But this is not to say that any and all action is effective. We need to evaluate what we 
do at each stage, because what we do will be opposed and mistakes are costly. The first 
stage is propaganda that helps explain what is going on. Is it effective in making our 
message and ideals clear and relevant? The next is gathering together in groups, campaigns 
and organisations, temporary or long-term, best structured to spreading these ideas and 
taking action. For one thing, this has to be in ways that can draw in exactly those people 
who have been reached by our propaganda and must not consist in the main of anarcho ? 
dilettantes and tourists (who won?t put down roots ideologically or in terms of sustained
work and accountability to other people where they live, work and struggle, but see 
anarchism as a fashionable pond to dip in and out of). For another thing, as well as 
attracting people, they have to know that we will stand by them. If we have good systems 
of solidarity in place, it becomes more realistic to try to persuade people that anarchism 
is attainable in the longer term.

If we do this, then the other side of the coin is that it is more damaging to discourage 
taking action than it is to fail in that action. We have to get it right and win next 
time, not retreat into a pointless rejection of purpose or conviction. Attempts to 
demobilise anarchists are worse than ?doing nothing?. We are at a low ebb, it?s true, but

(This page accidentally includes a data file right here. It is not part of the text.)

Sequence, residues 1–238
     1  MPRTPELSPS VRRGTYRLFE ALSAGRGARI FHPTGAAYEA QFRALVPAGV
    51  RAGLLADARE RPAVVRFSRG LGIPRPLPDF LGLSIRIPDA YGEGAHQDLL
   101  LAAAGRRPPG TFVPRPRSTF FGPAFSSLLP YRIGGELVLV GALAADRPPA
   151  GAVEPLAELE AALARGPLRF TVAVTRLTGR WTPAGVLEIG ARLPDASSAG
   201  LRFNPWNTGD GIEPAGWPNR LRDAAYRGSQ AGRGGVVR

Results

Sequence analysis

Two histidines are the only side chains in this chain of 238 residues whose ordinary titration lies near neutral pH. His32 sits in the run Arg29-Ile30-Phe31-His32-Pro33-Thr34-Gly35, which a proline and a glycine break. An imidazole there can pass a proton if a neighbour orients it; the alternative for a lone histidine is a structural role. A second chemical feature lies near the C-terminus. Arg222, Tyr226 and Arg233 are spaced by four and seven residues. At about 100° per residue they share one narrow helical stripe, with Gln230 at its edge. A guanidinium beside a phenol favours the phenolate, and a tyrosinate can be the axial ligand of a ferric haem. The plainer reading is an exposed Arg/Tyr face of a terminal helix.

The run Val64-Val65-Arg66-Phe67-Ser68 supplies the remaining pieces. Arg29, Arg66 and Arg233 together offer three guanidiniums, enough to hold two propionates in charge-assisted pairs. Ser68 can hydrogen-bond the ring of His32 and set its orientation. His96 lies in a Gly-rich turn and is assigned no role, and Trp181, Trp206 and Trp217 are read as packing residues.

the struggle can?t be read just in the here and now but in the context of what has been 
done and what could be done. Let?s re-group and re-vitalise at Saint-Imier, being inspired 
by the actions and achievements of comrades from other countries (often doing far more 
than us and in far worse situations), develop a newly-informed international perspective,
and come home with new positivism: Unashamedly.


To read more, download the entire issue as a PDF http://www.afed.org.uk/org/org78.pdf

http://www.afed.org.uk

Bron : a-infos-en@ainfos.ca

(en) Anarchist Bookfair St-Imier - Switzerland - 9th to 12th august 2012 and more....



In 2010, the first anarchist bookfair in the bilingual city of Biel/Bienne took place.
With over 500 visitors, more than two dozen exhibitors, and a small, but excellent
selection of lectures on the theory and practice of anarchism, the event was a resounding
success. Therefore, another bookfair was held in the city in 2011. This summer, an
anarchist gathering is taking place near Biel/Bienne in St. Imier, Switzerland, so it was
obvious for the organizers of the bookfair that the bookfair should take place a few
kilometers away, in order to spare the exhibitors and visitors another trip. -- Anarchist
Bookfairs ---- Anarchist Bookfairs 30 years ago, there were a few anarchists in London
that attended some so-called socialist bookfairs, but these events were agonizingly
boring, expensive, and also frequented by huge publishing companies.

Consequently, the desire to create an independent anarchist bookfair was born. With
reference to the labels "anarchist? or "libertarian,? on one hand new publications were
proposed, and on the other hand, a specific conception of how the events should be
organized was introduced. The bookfair was not only about selling a lot of books and to
introduce people to anarchism, but also to create a platform for activists and a wide
range of cultural events. The specific notion of anarchism, which attaches great